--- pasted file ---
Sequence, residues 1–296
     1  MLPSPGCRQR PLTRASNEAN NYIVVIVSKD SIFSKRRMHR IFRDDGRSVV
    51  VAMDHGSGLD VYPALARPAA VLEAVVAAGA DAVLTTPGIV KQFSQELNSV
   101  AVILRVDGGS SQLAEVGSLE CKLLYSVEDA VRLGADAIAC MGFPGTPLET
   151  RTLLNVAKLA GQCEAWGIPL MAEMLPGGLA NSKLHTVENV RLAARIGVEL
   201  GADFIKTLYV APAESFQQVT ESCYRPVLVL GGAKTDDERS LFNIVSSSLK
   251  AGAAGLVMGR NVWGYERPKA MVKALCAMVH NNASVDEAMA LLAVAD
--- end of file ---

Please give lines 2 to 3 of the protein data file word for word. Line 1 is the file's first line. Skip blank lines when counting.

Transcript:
     1  MLPSPGCRQR PLTRASNEAN NYIVVIVSKD SIFSKRRMHR IFRDDGRSVV
    51  VAMDHGSGLD VYPALARPAA VLEAVVAAGA DAVLTTPGIV KQFSQELNSV